Computer scientist Lynne Parker made breakthroughs in getting robots to work together so they could perform difficult missions, like cleaning up after a nuclear disaster, waxing floors or pulling barnacles off a ship.
Her job now is getting the U.S. government working together - alongside American businesses, research universities and international allies - as director of a new national initiative on artificial intelligence. She's America's first AI czar, at a time of rising promise and a heavy dose of both hype and fear about what computers can do as they think more like humans.
"There's an increased need for education and training so that people know how to use AI tools, they know sort of what the capabilities are of AI so that they don't treat it as magic," Parker said in an interview with The Associated Press.
A first task for Parker, who took on the role in the waning days of the Trump administration, is adapting to priorities set by the Biden administration. Those include confronting the societal risks of AI and putting the technology to work on causes such as health equity and reducing climate change.
"Making sure that it's responsible use of AI so that we're not disadvantaging certain people, we're not achieving biased outcomes," she said.
There's been bipartisan interest in boosting AI research and development, fueled in part by fears that the U.S. could fall behind China in channeling the technology's potential for national security and economic growth. Congress passed a law that created the National AI Initiative Office last year and the Trump White House set it in motion in January.
Parker, who first joined the White House's Office of Science and Technology Policy in 2018, has bridged two administrations, both of which have promised to fund more AI research, set new technical standards and help guide how the technology is regulated. But there are subtle differences that showed up when the Biden administration recently launched a new AI.gov website, according to Ryan Calo, co-director of the University of Washington's Tech Policy Lab.
"This is AI as a global project, improving humanity," Calo said. "This is very different from the rhetoric of the Trump administration, which was all about this as a race that we have to win."
Biden made an early signal of the importance of science policy when he elevated the White House's chief science adviser to Cabinet rank. Geneticist and mathematician Eric Lander was sworn in to that role Wednesday. Also filling out the White House science office is sociologist Alondra Nelson, known for her work examining the societal implications of technology.
How much of a shift this is for Parker isn't totally clear to some of those who have worked with her, from her doctoral student days at the Massachusetts Institute of Technology to her time helping to coordinate AI and robotics funding from the National Science Foundation during the Obama administration.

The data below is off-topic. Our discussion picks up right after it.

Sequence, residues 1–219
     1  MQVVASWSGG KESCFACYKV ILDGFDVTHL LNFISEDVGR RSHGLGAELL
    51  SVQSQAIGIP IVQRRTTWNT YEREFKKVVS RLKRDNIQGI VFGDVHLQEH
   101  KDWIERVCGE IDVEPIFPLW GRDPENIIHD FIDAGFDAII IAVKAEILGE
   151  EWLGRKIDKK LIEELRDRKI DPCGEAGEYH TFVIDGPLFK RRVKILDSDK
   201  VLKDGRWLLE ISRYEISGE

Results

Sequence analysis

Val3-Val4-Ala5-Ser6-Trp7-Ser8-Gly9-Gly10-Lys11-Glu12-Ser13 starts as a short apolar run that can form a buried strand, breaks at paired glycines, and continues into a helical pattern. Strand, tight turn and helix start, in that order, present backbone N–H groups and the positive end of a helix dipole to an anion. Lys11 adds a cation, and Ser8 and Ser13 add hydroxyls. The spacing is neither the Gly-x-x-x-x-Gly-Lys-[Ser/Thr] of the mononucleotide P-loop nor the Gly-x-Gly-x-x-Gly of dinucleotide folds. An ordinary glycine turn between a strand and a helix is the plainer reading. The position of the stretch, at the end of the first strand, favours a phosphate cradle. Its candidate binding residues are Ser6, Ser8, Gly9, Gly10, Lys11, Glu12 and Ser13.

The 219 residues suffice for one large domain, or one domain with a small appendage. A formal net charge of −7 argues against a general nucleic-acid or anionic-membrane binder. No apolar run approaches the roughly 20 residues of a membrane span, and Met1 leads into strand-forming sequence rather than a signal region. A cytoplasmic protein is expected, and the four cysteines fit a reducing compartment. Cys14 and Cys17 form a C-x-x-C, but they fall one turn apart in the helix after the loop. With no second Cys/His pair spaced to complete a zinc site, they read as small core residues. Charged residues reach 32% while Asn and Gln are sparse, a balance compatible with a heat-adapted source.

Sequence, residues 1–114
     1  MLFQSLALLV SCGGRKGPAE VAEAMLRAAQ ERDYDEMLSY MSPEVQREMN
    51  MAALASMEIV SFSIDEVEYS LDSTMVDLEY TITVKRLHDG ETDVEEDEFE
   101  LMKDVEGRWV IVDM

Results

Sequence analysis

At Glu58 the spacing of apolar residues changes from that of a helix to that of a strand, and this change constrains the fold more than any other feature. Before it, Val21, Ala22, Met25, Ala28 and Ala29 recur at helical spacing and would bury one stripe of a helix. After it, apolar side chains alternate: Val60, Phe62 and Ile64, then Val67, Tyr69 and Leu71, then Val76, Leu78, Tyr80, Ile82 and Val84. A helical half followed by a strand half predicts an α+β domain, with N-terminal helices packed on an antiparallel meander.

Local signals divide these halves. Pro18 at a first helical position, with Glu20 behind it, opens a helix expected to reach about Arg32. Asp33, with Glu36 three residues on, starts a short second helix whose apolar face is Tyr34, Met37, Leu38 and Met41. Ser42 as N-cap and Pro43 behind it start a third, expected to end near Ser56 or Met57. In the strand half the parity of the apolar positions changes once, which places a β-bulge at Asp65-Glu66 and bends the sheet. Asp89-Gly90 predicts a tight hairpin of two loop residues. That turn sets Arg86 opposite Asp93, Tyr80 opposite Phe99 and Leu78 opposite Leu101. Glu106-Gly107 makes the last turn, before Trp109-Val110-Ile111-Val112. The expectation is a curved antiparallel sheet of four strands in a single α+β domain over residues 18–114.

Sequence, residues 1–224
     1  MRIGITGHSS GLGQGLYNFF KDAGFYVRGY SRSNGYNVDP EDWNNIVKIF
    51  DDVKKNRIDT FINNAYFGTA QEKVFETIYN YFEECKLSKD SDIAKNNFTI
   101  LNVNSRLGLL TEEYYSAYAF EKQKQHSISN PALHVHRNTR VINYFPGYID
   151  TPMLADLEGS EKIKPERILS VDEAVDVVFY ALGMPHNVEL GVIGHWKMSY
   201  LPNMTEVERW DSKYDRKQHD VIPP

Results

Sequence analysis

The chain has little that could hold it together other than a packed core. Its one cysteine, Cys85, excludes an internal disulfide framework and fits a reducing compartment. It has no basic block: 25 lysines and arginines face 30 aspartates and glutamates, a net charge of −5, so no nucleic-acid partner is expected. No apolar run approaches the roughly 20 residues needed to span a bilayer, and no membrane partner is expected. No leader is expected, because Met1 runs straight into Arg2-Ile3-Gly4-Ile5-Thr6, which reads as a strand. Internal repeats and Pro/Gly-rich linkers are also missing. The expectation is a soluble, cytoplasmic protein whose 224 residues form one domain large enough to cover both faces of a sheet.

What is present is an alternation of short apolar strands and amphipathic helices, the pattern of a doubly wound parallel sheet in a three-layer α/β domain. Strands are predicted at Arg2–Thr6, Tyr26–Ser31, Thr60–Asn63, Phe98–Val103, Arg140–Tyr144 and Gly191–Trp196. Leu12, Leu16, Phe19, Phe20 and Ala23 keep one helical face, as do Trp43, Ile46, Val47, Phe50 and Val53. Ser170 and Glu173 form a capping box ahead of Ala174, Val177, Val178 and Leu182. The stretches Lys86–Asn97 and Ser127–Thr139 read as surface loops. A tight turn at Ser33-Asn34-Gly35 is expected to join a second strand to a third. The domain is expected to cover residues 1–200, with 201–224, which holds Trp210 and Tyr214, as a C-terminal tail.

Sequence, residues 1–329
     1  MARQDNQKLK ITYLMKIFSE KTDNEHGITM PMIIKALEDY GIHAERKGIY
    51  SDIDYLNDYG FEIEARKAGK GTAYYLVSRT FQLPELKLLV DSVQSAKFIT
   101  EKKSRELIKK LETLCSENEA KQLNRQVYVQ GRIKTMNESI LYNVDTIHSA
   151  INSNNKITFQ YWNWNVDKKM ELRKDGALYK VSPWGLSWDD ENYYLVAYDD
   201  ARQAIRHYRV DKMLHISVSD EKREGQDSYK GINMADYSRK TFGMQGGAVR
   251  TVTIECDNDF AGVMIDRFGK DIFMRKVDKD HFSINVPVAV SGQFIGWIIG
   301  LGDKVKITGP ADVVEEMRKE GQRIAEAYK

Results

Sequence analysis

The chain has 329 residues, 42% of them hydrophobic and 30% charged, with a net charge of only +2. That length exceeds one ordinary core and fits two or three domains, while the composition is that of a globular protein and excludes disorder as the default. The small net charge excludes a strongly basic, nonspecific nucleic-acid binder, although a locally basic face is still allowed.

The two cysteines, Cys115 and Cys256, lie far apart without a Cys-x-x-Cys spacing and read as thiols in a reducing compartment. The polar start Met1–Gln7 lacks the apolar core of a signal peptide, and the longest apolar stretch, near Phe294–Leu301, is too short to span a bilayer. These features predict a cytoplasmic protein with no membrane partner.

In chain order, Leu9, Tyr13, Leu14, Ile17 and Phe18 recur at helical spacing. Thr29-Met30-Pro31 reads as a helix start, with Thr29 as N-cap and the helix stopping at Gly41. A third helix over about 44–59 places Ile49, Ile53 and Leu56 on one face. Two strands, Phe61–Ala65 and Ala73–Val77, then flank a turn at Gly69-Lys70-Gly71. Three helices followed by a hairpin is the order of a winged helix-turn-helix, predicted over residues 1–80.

"I can't imagine that Lynne drives around with an 'America First' bumper sticker," Calo said. "I would imagine that she's a better fit with the Biden administration because she is ultimately a believer in the importance of expertise."
But other priorities remain the same, including a willingness to point fingers at China as the promoter of the type of AI applications - from social credit scoring to all-seeing surveillance - the U.S. and its allies should avoid. While the Trump administration warned against needlessly hampering AI innovations with what Parker then called "top-down" regulation, Parker now says she is looking closely at what Europe is doing to set limits on risky applications.
"All of those efforts are very much about like-minded countries coming together to demonstrate how we can use AI in an appropriate way, not violate the human rights that has been demonstrated in China and other authoritarian countries," she said.
The Tennessee-raised Parker said she grew up loving science, math and solving problems. Her mom worked for a time as a science teacher and her dad spent his career as an engineer with the Tennessee Valley Authority, the federally owned New Deal-era corporation known for its work in flood control and electricity generation. She was a teenager headed for Tennessee Technological University when her father, perusing the course catalog, suggested the still-emerging field of computer science.
"That was actually the time in the evolution of computer science that it actually had more women in it than any time since," she said. "Unfortunately, it's gone down since then."
More than a decade later, Parker was one of a group of women who were encouraged to pursue their own ideas at an MIT robotics lab in the 1980s and 1990s and went on to become prominent leaders in the male-dominated field, according to fellow lab alumnus Helen Greiner, co-founder of iRobot, the company that makes Roomba vacuum cleaners.
"Lynne was one of the pioneers" in the field of multi-robot systems, or swarms of robots that could cooperate with one another, Greiner said.
For her 1994 dissertation, Parker borrowed a trio of iRobot's early machines - small wheeled rovers - to test a new software system she called Alliance, designed to help robots learn from each other and environmental conditions to cooperate on a mission. It was a precursor to the robotic teams now seen maneuvering around each other to transport goods in Amazon warehouses, or the flocks of drones being tested by the military.
Greiner said she's thankful to have a robotics expert with decades of experience in such a top White House role.
"It's important to make sure there's funding for people doing the cutting edge research, that we stay ahead of other countries," Greiner said. "She could be spending her time doing research but instead she has chosen to try to herd a lot of cats together."